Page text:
Defending & Strengthening Protective Orders
November 05, 2016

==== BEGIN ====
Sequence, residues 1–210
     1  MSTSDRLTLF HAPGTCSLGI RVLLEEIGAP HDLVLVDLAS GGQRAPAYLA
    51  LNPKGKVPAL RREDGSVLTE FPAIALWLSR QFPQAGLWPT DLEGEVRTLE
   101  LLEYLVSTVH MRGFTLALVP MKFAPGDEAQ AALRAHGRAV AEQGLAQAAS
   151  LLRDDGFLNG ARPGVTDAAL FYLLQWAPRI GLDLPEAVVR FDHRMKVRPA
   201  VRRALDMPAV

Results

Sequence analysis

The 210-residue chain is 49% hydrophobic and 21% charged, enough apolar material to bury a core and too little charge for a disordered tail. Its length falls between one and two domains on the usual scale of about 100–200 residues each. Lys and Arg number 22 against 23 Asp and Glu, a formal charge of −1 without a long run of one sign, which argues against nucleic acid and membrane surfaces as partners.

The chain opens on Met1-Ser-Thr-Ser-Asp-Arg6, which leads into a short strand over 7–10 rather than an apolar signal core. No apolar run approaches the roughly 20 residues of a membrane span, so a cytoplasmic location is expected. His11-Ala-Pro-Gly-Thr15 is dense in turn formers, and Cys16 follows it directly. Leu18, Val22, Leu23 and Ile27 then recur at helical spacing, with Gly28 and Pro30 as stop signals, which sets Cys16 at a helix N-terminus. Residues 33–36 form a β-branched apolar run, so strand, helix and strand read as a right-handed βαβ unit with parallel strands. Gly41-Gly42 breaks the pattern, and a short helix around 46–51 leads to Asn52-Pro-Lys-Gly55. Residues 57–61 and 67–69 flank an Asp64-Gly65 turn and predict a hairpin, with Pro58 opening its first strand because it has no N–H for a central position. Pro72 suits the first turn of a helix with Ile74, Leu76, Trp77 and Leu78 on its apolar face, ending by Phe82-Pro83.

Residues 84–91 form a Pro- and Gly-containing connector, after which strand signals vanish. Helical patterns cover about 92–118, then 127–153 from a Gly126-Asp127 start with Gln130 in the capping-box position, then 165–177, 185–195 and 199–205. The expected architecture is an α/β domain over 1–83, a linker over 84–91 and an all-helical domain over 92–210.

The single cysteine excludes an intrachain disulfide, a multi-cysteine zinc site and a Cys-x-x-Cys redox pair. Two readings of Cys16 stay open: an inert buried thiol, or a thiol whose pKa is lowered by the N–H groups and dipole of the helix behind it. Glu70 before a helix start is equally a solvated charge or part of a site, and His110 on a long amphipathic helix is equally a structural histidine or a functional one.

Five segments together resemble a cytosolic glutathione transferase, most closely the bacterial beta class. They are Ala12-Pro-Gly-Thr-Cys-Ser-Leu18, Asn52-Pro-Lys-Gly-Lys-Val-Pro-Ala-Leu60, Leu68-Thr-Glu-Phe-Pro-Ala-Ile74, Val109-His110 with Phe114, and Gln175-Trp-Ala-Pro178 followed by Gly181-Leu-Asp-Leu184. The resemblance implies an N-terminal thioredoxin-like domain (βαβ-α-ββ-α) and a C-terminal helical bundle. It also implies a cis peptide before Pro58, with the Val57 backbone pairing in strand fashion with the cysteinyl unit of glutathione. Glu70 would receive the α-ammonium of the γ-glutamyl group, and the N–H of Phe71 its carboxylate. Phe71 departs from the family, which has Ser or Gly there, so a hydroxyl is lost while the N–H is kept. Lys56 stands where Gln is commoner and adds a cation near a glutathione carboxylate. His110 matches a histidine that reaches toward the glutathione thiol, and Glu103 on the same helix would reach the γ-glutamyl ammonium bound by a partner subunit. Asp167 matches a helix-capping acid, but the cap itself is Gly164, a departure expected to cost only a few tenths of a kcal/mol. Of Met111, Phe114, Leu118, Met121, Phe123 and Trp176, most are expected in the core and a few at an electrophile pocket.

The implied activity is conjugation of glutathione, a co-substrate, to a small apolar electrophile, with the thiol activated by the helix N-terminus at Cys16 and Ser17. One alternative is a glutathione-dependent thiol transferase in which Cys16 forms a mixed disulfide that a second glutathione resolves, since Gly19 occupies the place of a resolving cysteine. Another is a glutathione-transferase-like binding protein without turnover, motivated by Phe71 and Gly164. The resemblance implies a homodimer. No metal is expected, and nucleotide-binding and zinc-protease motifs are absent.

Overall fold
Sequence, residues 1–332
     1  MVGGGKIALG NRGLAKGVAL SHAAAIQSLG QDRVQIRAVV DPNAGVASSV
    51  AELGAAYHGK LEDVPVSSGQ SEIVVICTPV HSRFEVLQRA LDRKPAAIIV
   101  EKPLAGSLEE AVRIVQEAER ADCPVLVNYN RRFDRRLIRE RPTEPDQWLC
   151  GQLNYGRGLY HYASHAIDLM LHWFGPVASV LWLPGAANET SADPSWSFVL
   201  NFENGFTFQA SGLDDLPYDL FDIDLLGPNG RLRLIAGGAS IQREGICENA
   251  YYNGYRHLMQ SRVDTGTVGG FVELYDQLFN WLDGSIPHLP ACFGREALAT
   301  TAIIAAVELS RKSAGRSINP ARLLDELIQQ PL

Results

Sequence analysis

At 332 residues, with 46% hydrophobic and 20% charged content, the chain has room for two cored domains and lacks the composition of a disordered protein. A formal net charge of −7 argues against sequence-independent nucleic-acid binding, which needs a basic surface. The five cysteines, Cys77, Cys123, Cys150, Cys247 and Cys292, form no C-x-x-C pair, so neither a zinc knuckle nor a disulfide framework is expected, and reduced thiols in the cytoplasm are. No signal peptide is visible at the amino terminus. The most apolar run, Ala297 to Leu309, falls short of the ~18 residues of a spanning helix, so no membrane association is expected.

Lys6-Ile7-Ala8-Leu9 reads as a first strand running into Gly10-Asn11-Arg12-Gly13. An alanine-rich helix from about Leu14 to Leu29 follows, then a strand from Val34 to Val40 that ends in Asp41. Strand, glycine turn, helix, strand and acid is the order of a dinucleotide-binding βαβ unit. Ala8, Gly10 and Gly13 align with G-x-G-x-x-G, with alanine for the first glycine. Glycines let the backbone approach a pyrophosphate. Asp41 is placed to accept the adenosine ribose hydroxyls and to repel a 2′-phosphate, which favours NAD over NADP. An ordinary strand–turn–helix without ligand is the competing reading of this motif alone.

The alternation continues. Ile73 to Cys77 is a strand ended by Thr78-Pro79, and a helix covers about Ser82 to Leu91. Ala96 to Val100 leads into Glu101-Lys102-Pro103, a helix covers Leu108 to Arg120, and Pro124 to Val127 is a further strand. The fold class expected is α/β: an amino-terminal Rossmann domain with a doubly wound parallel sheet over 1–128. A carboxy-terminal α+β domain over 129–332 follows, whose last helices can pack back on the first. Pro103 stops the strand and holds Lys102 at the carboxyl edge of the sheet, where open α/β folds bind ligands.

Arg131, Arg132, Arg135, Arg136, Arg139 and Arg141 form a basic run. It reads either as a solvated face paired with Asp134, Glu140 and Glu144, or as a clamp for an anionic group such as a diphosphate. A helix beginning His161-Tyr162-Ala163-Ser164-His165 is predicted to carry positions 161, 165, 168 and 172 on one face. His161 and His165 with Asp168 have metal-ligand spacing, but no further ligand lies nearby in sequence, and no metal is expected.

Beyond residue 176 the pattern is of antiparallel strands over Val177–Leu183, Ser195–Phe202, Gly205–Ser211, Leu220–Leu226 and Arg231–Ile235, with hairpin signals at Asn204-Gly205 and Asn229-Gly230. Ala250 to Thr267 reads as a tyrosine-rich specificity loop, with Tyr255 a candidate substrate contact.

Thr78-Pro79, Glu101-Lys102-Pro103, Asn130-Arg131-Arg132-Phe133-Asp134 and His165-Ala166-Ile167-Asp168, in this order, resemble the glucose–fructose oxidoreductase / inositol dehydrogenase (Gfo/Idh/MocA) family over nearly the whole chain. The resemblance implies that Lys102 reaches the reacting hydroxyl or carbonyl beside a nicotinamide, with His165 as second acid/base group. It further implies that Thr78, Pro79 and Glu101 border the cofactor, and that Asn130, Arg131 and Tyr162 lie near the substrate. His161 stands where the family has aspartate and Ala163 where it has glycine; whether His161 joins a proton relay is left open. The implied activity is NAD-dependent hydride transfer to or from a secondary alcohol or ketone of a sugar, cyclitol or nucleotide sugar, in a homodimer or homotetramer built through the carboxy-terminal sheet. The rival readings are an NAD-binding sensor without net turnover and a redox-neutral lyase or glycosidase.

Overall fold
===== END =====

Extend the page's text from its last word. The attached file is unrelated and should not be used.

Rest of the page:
NCVLI partnered with the Rocky Mountain Victim Law Center (RMVLC) on a critical issue moving through Colorado courts. In the case, a trial court ruled that a defendant who is charged with violating a protective order could raise as an affirmative defense - consent. This means that a defendant can argue that he couldn’t be found guilty of violating a protective order if the victim–the person protected by the order–“consented” to the contact. This decision reflected no understanding of the dynamics of domestic violence or the public policy determinations underpinning the protective order statutes, which readily allow a victim to return to court to modify the order if they choose to “consent.” Fortunately, the 7th Judicial District Attorney’s Office decided to appeal the decision and invited RMVLC and other victim groups to submit an amicus brief. RMVLC drafted an amicus curiae brief arguing that the trail court erred in holding that consent is a defense to a charge of violating a protective order because, although a protected party may request that the court modify the protective order, only the court can modify the terms of the order or render it unenforceable, and that courts from many other states have so concluded, soundly rejecting the “consent” defense. Amicus further argued that the lower court’s ruling violated public policy and undermined clear legislative intent to provide a protective remedy to victims of domestic violence, as it, among other things, will serve to encourage perpetrators to continue abusing and harassing their victims by obtaining “consent” to violate the terms of the protective order. NCVLI was pleased to provide support to the amazing efforts of the RMVLC team. The appeal is pending.